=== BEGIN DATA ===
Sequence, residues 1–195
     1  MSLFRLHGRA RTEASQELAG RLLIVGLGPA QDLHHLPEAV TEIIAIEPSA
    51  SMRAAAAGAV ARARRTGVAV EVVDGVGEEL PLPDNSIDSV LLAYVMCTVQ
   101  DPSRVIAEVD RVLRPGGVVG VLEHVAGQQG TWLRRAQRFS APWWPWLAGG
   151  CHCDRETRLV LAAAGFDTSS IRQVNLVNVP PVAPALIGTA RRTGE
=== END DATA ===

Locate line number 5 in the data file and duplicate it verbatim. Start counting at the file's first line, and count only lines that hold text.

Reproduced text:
   151  CHCDRETRLV LAAAGFDTSS IRQVNLVNVP PVAPALIGTA RRTGE